top of page

4 Words To Never Say To A Mom Fighting For Her Baby's Life

Only by letting resentment go can you open yourself up for more happiness.

When a woman is diagnosed with a high-risk pregnancy or delivers early, her world is completely turned upside down.

But she is not the only one who is affected.

Partners, family members and friends are all shaken by this new reality. And they respond in different ways.

Some go silent because they don’t know what to say and think they should give the mom some space to process everything.

Some go into action mode and want to do things for her. They drop off food, come by to clean the house, or offer to take care of the other children for an afternoon.

Others take to Dr. Google to inform themselves about the hardships that lay ahead of their loved one whose vision of her healthy pregnancy and blissful birth has now been shattered.

And then there are some who inadvertently say something hurtful.

They have the best of intentions to help this scared, stressed mom but it just doesn’t quite come out right.

No matter how you cope with knowing how hard your partner, friend, sister or daughter have to fight for her baby, there is one thing you should never say to her when trying to console her.

It comes in the form of 4 words:

"It could be worse." (Tweet that!)

I understand that the comment is meant as a way to cheer her up. To help her see the bright side. To give her perspective so she can feel a little better about her situation.

But as well-meaning as that comment may be, the effect is anything but.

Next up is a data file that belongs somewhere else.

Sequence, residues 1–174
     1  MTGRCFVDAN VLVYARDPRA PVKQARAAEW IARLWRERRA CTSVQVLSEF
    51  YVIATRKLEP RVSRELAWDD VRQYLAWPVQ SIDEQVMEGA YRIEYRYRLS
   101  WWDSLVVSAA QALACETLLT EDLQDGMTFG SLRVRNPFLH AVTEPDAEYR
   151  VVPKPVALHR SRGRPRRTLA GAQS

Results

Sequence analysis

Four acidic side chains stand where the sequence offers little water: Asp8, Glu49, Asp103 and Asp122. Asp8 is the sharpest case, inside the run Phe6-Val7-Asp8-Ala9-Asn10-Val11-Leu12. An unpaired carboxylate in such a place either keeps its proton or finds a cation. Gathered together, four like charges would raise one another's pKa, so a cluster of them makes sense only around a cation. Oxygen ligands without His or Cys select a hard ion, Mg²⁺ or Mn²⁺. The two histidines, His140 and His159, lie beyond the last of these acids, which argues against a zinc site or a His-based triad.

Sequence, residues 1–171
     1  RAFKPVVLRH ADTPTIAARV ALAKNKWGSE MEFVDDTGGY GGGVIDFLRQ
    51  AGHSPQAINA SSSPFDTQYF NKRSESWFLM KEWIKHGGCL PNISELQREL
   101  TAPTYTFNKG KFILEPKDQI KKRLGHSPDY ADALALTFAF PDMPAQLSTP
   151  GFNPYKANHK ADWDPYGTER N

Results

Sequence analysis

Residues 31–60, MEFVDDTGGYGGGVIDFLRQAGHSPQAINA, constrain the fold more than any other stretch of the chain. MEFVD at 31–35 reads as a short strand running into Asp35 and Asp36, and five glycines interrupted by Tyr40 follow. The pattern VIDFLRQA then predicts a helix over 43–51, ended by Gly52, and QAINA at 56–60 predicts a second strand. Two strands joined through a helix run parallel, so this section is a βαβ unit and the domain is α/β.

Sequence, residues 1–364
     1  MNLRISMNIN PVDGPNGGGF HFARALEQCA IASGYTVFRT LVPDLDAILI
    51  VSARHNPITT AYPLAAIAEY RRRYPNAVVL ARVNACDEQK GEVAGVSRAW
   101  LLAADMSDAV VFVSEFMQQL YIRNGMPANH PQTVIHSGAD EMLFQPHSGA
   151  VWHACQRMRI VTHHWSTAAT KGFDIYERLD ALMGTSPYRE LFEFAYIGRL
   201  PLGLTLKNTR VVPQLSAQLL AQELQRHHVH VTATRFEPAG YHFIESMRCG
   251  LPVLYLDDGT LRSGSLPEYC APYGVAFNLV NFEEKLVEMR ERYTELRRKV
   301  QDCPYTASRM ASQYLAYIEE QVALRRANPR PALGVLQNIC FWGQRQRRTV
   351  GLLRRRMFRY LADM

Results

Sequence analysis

Here’s the brutal, honest truth.

Telling a mom who is fighting for her baby that things could be worse shuts her down.

She starts to doubt all of her feelings, no matter if she is angry, sad, frustrated, grieving or jealous.

She feels judged that you thinks she is overreacting.

And she’s less likely to talk to you about her experiences and how she’s doing because she feels like you won’t listen.

If you want to support to a mom who is fighting for her baby's life here are few things to say instead that will help her feel safe to talk to you:

I’m so sorry to hear this. How can I help?

I don’t know what to say.

I want to make it better for you and I don’t know how.

I wish I could make this all go away for you.

What do you need from me?

How are you feeling about everything?

This must be so scary for you.

I can’t imagine how you must be feeling.

And then follow her lead. (Tweet that!)

I want to hear from you!

If you’re a mom with a high-risk pregnancy or baby in the NICU (or you have experienced either in the past) what were some of the most helpful, supportive things people said to you?

Leave a comment below! I would love to hear from you!

bottom of page